styled-components VS styletron

Compare styled-components vs styletron and see what are their differences.


Visual primitives for the component age. Use the best bits of ES6 and CSS to style your apps without stress 💅 (by styled-components)


:zap: Toolkit for component-oriented styling (by styletron)
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styled-components styletron
137 5
36,578 3,260
0.9% 0.3%
7.5 1.9
15 days ago about 1 month ago
TypeScript JavaScript
MIT License MIT License
The number of mentions indicates the total number of mentions that we've tracked plus the number of user suggested alternatives.
Stars - the number of stars that a project has on GitHub. Growth - month over month growth in stars.
Activity is a relative number indicating how actively a project is being developed. Recent commits have higher weight than older ones.
For example, an activity of 9.0 indicates that a project is amongst the top 10% of the most actively developed projects that we are tracking.


Posts with mentions or reviews of styled-components. We have used some of these posts to build our list of alternatives and similar projects. The last one was on 2022-05-19.


Posts with mentions or reviews of styletron. We have used some of these posts to build our list of alternatives and similar projects. The last one was on 2021-12-09.
  • A recruiter asked me this.
    1 project | | 3 Mar 2022
    React is pretty much its own language at this point. With J/TSX. Not even CSS is immune to react's approach of "what everything was proprammatically generated divs?", case and point
  • Tailwind CSS v3
    9 projects | | 9 Dec 2021
    Some technical thoughts as someone who could care less about fanboyism:

    - One point where atomic CSS frameworks are supposed to shine over conventional CSS is bundle size, since they (at least the good ones) compile to only a single rule for any used value, rather than potentially repeating rules for semantically different classes.

    - Another point where atomic CSS frameworks shine is just sheer volume of banging code out. When the bulk of your output is visual, mastering tools based on shorthands like tailwind, emmet, etc can feel very productive.

    - Purely atomic CSS frameworks can make some workflows more difficult, e.g. by having too granular call sites and not allowing "let's see what happens to the overall theme if I do this design change" iterative style of work, or because workflows that edit CSS on the fly via browser devtools can no longer be used to limit impact within semantic lines (e.g. "I want to change padding only on buttons, without breaking everything else that happens to depend on the same padding value"). There are both design-oriented and debugging-oriented workflows that are affected in similar ways.

    - You generally don't get visual regressions at a distance w/ atomic CSS. This matters at organizations where desire for pixel precision and simultaneously fickle design teams are the norm. But conversely, "can we just change the font size to be a bit bigger across the site" can often run into issues of missed spots. On a similar note, designs may become inconsistent across a site over time due to the hyper local nature of atomic CSS oriented development.

    - Custom rules may as well be written in APL[0]; they usually aren't documented and it takes a "you-gotta-know-them-to-know-them" sort of familiarity to be able to work with them (or get back to them after a while).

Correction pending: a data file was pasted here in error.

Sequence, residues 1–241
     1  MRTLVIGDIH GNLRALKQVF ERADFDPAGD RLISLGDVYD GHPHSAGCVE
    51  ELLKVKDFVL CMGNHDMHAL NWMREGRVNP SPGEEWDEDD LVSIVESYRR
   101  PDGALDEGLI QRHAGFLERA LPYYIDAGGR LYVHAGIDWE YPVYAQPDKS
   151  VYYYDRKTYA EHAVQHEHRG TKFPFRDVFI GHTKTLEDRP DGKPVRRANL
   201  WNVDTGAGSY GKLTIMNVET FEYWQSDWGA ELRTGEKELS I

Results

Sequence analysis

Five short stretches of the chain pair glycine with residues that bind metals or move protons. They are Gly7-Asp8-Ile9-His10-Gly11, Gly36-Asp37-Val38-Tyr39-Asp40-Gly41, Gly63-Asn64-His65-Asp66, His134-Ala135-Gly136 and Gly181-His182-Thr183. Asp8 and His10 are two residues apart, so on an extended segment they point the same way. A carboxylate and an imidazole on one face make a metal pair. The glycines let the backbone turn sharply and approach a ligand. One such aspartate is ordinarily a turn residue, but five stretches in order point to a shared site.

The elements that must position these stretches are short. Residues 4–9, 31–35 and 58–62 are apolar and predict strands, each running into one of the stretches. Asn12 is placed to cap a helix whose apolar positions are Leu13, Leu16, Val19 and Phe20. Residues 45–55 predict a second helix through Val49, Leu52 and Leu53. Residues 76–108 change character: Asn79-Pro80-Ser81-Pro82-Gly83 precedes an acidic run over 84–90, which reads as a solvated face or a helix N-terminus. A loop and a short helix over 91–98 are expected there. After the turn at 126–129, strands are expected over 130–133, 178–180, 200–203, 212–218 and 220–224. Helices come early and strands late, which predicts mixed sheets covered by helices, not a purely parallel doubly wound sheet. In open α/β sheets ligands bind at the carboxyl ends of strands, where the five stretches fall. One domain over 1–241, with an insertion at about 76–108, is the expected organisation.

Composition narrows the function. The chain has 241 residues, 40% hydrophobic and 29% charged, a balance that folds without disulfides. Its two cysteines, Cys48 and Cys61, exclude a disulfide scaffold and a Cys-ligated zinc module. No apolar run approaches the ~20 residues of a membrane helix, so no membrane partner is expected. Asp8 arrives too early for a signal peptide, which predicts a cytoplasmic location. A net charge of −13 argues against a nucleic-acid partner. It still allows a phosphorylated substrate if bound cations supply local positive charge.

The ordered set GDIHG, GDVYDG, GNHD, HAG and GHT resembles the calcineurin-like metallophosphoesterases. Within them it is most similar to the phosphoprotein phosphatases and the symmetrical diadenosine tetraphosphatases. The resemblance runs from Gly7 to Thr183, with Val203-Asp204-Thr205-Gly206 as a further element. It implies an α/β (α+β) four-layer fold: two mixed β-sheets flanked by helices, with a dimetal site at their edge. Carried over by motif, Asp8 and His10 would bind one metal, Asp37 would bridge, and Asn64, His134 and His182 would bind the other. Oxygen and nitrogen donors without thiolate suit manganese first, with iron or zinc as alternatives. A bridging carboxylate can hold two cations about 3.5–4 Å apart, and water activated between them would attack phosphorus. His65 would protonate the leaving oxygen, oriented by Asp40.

- There are some tools that mix and match atomic CSS with other paradigms. For example, styletron[0] can output atomic CSS for the bundling benefits, but looks like React styled components from a devexp perspective, and has rendering modes that output traditional-looking debug classes for chrome devtool oriented workflows.

    The main theme to be aware of: proponents rarely talk of maintenance, so beware of honeymoon effect. Detractors often omit that traditional CSS (especially at scale) also requires a lot of diligence to maintain. So think about maintenance and how AOP[1] vs hyperlocal development workflows interact with your organization's design culture.



  • 5 React.js UI Component libraries.
    9 projects | | 11 Aug 2021
    It is created, managed, and utilized by Uber. It includes a wide range of attractive components, with accessibility as the top focus. It is quick since it is built with the Styletron engine. Style overrides can be used to tweak themes, but in my experience, I've never required them because the design vibe they're trying for is precisely what I want.
  • Just-In-Time: The Next Generation of Tailwind CSS
    4 projects | | 15 Mar 2021
    [0] [1]
  • @blocz/react-responsive v3 is out
    3 projects | | 12 Mar 2021
    When we created the library, we were using styletron for our styles, and we wanted to bind the breakpoints we defined in @blocz/react-responsive with the breakpoints used for our styles.

What are some alternatives?

When comparing styled-components and styletron you can also consider the following projects:

styled-jsx - Full CSS support for JSX without compromises

emotion - 👩‍🎤 CSS-in-JS library designed for high performance style composition

chakra-ui - ⚡️ Simple, Modular & Accessible UI Components for your React Applications

JSS - JSS is an authoring tool for CSS which uses JavaScript as a host language.

PostCSS - Transforming styles with JS plugins

material-ui - MUI Core (formerly Material-UI) is the React UI library you always wanted. Follow your own design system, or start with Material Design.

Aphrodite - Framework-agnostic CSS-in-JS with support for server-side rendering, browser prefixing, and minimum CSS generation

react-bootstrap - Bootstrap components built with React

Fela - State-Driven Styling in JavaScript

React CSS Modules - Seamless mapping of class names to CSS modules inside of React components.

linaria - Zero-runtime CSS in JS library